04/19/2022 • 3 min read

Change With Circular Design and Sustainable Office Furniture

If Nature had a language, the word “waste” wouldn’t exist

by Haworth, Inc.

All resources run in closed loops in Nature’s intricate systems, providing nutrients where needed. Waste is a human-made problem based on a traditional linear economy: take, make, consume, waste (cradle to grave). In contrast, a circular economy follows these steps: take, make, consume, repair, reuse, recycle/regenerate (cradle to cradle).

As we progress toward Haworth’s 2025 commitments to support a circular economy, our design philosophy and strategy become more integrated with an important goal: creating sustainable office furniture, with 100% of new products employing circular design principles.

Design thinking is ingrained in our culture—and we are committed to designing products with people in mind while making the best use of the Earth’s resources for a sustainable future. We work to make the world better, and this means making material choices that align with our strategy and designing with the end in mind. A circular economy requires us to keep our resources in closed loops—without losing quality—by recycling, reusing, and rethinking our processes.

We partner with others who share those values, like architect and designer Patricia Urquiola. True to her philosophy of sustainable materials and aesthetics, Patricia designed the Maari seating family with minimal, durable, and high-quality materials. In 2021, she challenged Haworth to produce a 100% recycled and recyclable version of the chair’s iconic plastic shell with our local supply chains in Europe. 

“We cannot approach any of the raw materials the way we approached them before. We need to change our mindset toward a sustainable perspective.”

Patricia Urquiola

Architect & Designer

The result is a seat shell made from zero-waste production—all post-industrial waste is processed for internal reuse or external recycling. We partnered with BOCK Group, a component manufacturer headquartered in Germany, to increase the recycled content and produce the one-piece shell, made of polyamide (PA6) reinforced with glass fiber for increased strength and elasticity. Half the materials come from BOCK’s production—waste materials go back to their supplier, who recycles them and returns them to BOCK—and the other half includes 100% pre-consumer materials that BOCK obtains from material suppliers.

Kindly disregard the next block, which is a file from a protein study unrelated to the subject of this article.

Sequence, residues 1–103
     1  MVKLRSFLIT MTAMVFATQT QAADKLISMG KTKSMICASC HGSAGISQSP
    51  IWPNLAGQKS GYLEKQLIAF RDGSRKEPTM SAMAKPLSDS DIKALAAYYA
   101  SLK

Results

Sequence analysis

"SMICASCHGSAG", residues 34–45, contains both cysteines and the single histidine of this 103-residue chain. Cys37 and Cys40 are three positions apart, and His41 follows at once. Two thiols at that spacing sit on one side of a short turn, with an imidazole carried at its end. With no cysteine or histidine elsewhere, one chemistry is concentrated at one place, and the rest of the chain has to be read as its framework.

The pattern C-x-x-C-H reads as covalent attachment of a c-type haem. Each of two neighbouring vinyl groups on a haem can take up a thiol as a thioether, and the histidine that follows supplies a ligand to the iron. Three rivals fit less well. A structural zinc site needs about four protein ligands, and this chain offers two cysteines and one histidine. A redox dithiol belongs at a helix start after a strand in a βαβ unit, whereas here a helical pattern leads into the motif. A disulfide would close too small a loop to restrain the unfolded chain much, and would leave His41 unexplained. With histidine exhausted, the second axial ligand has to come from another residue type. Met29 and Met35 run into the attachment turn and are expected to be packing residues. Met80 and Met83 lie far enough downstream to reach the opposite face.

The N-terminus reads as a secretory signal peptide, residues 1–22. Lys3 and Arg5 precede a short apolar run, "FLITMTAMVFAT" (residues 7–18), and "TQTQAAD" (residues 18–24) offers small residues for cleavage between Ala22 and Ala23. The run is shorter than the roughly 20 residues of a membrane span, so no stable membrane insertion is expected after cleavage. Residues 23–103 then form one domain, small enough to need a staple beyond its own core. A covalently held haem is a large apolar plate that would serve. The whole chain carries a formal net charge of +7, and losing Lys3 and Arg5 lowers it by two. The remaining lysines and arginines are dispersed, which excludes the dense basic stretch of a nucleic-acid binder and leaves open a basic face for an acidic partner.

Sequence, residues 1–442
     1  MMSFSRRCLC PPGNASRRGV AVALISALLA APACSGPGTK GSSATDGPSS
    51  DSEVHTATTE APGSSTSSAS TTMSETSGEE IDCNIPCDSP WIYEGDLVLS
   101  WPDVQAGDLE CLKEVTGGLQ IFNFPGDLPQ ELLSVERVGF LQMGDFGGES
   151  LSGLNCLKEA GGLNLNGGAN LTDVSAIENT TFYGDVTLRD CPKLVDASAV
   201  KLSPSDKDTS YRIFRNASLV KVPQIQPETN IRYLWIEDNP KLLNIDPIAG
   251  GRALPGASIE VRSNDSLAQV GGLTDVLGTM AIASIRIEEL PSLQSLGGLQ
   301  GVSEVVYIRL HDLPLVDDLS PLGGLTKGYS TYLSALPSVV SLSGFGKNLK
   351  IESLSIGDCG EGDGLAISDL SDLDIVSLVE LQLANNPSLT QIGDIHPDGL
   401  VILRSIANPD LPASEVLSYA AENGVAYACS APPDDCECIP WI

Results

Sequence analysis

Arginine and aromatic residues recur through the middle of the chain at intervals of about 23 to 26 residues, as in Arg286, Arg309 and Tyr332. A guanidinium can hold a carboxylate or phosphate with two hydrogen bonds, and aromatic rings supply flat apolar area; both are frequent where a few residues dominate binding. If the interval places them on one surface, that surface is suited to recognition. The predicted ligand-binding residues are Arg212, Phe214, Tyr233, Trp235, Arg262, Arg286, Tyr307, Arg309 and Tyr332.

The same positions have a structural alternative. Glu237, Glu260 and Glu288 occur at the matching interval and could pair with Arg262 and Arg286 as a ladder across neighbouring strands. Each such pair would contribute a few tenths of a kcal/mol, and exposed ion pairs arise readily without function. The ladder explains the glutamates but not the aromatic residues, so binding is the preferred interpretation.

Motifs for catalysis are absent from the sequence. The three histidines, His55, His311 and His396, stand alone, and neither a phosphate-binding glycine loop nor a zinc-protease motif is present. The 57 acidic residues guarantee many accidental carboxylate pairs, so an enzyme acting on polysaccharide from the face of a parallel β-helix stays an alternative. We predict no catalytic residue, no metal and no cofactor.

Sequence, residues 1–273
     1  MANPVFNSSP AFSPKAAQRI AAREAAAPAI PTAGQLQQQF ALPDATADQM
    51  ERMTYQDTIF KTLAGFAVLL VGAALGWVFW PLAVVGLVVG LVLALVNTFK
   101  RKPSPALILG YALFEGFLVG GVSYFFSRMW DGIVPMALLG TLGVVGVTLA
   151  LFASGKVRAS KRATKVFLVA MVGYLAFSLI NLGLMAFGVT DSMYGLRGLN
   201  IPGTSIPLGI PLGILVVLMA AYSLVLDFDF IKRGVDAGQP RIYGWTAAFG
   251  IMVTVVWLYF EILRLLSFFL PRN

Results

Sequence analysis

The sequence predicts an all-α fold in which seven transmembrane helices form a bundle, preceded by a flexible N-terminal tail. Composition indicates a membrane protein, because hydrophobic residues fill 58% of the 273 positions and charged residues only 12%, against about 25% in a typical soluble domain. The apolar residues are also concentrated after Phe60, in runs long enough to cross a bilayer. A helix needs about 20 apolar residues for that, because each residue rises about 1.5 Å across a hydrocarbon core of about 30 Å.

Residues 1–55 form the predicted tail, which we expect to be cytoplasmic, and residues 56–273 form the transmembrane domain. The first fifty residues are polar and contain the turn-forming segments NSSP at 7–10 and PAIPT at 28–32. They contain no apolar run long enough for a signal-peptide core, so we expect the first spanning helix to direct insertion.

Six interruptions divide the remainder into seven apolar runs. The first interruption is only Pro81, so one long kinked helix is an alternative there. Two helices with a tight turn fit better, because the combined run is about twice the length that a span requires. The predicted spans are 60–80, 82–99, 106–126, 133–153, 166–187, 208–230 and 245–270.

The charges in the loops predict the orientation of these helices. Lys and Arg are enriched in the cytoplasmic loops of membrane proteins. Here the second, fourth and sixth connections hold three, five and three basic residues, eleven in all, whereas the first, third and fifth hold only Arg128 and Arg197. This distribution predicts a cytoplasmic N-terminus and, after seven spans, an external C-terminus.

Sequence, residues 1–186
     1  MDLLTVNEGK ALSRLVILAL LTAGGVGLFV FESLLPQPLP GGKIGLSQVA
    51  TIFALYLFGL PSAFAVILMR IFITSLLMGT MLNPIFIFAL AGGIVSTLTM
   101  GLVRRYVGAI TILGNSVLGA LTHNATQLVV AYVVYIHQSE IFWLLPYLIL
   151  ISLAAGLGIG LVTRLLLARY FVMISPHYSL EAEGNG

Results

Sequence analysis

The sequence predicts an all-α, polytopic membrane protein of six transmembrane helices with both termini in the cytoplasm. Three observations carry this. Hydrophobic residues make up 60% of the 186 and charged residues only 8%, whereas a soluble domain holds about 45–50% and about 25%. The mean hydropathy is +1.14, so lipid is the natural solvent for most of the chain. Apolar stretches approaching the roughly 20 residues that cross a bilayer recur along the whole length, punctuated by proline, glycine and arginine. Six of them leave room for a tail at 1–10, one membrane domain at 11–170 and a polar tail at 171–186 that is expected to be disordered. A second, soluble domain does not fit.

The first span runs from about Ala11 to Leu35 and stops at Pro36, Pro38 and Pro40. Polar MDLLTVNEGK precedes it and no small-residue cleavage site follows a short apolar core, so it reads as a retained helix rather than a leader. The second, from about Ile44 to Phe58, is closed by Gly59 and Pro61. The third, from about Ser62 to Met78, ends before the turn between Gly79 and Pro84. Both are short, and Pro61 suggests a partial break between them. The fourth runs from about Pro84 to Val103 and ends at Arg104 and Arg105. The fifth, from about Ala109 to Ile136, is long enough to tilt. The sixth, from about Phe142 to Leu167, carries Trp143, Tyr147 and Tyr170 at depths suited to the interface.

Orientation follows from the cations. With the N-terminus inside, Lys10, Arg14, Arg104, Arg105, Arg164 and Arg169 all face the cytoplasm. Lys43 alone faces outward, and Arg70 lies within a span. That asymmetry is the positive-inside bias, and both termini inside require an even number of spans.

This design evolution makes a big impact for Maari because the shell is a primary component that’s used for the whole product family. Starting with black, our best-selling color, we are assessing supply chain possibilities to increase recycled content for other colors as well.

While creating plastic molds for load-bearing elements from 100% recycled materials presented a challenge in balancing stability and design quality—our team and partners, together, mastered a solution. Previously, the recycled content for the shell in the European market was 15%. Now, our EU customers can buy Maari with a 100% recycled—and recyclable—shell.

Our Corporate Social Responsibility Report

Haworth works to make the world better. In our annual CSR, we detail our progress toward sustainability goals and share stories about our people, the circular economy, and our operational performance.

In the upholstered version, Maari is available with Oceanic fabric, created entirely from recycled plastic—a percentage of which is ocean-bound plastic. (Each meter contains the equivalent of 26 plastic bottles.) When specified with wood legs, customers can rest assured the wood has been procured through sustainable practices certified by the Programme for the Endorsement of Forest Certification.

The Maari design evolution is part of a journey. Our teams work closely with design and manufacturing partners to understand and identify opportunities for increasing the proportion of recycled plastic in more of our products. We continue to learn and evolve, with the goal of aligning our design thinking and a circular economy to create high-quality, sustainable office furniture with people and the planet in mind. 

“Waste is not trash but a precious resource, an opportunity rather than a challenge.”

Patricia Urquiola

Architect & Designer


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